CD Review: J. Geils Band


J. Geils Band
Best of the J.Geils Band
Capitol
By David Chiu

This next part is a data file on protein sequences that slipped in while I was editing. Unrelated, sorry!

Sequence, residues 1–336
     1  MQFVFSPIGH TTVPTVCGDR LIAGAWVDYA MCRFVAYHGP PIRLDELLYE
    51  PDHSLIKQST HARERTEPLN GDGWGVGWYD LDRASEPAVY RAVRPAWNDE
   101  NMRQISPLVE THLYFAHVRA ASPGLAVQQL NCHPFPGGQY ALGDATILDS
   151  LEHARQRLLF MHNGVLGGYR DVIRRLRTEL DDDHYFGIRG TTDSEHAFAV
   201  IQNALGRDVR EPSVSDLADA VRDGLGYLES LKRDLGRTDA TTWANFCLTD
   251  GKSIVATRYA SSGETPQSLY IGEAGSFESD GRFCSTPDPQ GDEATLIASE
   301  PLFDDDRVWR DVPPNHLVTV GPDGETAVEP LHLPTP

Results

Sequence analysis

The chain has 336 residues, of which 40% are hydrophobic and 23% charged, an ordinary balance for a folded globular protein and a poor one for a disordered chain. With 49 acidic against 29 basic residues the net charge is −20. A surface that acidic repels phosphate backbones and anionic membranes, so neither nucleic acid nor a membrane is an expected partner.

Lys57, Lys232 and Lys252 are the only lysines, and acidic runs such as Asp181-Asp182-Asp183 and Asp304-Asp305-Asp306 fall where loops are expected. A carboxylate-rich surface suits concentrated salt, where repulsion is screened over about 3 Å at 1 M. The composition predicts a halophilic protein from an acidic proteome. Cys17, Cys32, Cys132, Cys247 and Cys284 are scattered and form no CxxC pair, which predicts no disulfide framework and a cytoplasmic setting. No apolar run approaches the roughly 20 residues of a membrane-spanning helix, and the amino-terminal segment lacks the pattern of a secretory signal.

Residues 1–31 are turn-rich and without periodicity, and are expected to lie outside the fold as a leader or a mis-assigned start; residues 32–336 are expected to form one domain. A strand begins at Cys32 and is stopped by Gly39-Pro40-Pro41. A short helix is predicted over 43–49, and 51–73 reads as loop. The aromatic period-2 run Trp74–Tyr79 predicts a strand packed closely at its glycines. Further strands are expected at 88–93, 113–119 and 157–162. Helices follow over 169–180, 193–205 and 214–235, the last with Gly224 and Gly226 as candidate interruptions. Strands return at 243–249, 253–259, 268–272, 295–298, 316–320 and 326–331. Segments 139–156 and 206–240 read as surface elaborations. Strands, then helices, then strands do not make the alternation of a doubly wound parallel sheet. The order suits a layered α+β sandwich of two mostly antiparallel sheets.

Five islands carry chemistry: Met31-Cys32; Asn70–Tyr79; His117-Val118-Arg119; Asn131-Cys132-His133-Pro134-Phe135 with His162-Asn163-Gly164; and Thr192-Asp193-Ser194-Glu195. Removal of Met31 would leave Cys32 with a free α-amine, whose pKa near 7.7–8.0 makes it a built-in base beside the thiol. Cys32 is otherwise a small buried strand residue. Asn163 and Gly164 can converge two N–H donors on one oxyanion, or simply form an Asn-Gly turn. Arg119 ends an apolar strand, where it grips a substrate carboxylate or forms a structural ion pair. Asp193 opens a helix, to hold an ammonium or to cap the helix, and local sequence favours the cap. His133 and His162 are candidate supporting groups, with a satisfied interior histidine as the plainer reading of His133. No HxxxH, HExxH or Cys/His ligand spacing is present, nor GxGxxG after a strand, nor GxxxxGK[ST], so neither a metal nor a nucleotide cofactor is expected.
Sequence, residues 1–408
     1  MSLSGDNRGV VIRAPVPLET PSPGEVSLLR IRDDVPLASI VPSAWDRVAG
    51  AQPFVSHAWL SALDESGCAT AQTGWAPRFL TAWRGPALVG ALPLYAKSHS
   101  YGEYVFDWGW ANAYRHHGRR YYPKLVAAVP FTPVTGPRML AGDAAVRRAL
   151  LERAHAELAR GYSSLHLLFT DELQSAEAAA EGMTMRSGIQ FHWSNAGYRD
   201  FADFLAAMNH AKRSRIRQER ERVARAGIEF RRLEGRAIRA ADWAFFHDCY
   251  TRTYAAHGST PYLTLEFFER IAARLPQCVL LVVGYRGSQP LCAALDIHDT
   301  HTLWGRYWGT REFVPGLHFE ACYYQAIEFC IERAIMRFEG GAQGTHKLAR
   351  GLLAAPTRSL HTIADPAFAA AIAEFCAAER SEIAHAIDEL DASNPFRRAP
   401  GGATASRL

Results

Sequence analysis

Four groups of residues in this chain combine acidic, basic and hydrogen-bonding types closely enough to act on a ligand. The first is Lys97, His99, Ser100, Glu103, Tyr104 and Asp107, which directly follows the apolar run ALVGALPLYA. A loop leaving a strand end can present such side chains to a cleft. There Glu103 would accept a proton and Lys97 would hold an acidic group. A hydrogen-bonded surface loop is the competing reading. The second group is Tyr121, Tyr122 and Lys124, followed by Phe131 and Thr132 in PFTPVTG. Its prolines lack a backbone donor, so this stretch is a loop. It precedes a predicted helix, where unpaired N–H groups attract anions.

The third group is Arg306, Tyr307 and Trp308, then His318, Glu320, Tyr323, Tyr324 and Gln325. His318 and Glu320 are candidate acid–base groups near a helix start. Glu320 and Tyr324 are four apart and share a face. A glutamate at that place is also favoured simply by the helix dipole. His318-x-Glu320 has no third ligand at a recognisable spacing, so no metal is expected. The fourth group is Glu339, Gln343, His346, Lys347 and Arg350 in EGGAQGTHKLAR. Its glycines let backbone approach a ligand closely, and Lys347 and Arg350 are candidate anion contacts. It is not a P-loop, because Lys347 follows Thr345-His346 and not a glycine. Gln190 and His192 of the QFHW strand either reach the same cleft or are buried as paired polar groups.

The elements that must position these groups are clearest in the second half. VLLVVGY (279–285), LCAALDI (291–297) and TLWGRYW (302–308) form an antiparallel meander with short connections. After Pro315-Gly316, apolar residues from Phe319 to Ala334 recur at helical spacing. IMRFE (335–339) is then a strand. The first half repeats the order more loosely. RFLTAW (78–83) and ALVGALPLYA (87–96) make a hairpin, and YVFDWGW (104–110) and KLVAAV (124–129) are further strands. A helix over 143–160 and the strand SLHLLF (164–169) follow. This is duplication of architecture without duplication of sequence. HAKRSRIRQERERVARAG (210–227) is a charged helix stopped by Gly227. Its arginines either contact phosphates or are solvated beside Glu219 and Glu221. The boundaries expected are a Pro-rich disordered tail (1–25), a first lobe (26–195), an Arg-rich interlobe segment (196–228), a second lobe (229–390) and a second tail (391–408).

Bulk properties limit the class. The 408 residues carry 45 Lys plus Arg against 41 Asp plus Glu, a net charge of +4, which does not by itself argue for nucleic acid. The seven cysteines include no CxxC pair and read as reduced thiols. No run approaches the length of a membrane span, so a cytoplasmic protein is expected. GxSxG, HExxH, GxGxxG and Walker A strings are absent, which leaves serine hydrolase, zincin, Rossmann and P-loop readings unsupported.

“Some folks say the world ain’t what it is/All I know is I just gotta take a whizz.” Those lines from the J. Geils Band’ song “Piss on the Wall” best sums up the irreverent yet sincere attitude of Boston’s favorite sons. Appearance-wise, they were the type of guys you would most likely to find pumping gas than riding in limousines, which made them all the more hip. At a time in the early ‘70s when psychedelia was on its last legs, glam was on the rise, and the singer/songwriter movement was in full bloom, the J. Geils Band was carrying on the brand of manic rock and roll infused with soul and blues. The group was weirdly named after its non-singing guitarist, although its focal point was the jive talking former deejay Peter Wolf, who arguably was the first white credible rapper long before the Beasties and Eminem. Best Of is good summation of the group’s career, although it tilts more towards the EMI America material than the early Atlantic Records sides, which the previous Rhino 2-CD Houseparty anthology provides a more comprehensive and even balance. The early version of the group blasted slabs of working class rock and roll, best represented on the live material recorded between 1972 and 1975 on this retrospective, including “Must of Got Lost” (notice the quirky title and the legendary spoken word introduction by Wolf) and the Magic Dick harmonica showcase of “Whammer Jammer.”; the group even throws in a little reggae with 1973’s “Give It to Me.” The group steered a more commercial direction when it moved to EMI America, culminating with Seth Justman’s synthesizer work and the 1981 funkified/New Wave-influenced Freeze Frame album, which yielded the massively popular “Centerfold” and the title track (Hard to imagine a bar or a stadium not playing one of those tunes on any given night), although the best tracks from this successful period include the propulsive “Flamethrower,” the haunting ballad “Theresa,” and the anti-Valentine “Love Stinks.” After spending nearly a decade of reaching the pinnacle of wider acclaim, Wolf exits and the group tanked after recording one album with Justman on lead vocals. Best Of is a good place to start in evaluating the career of the little merry white-knuckle outfit that could and did.

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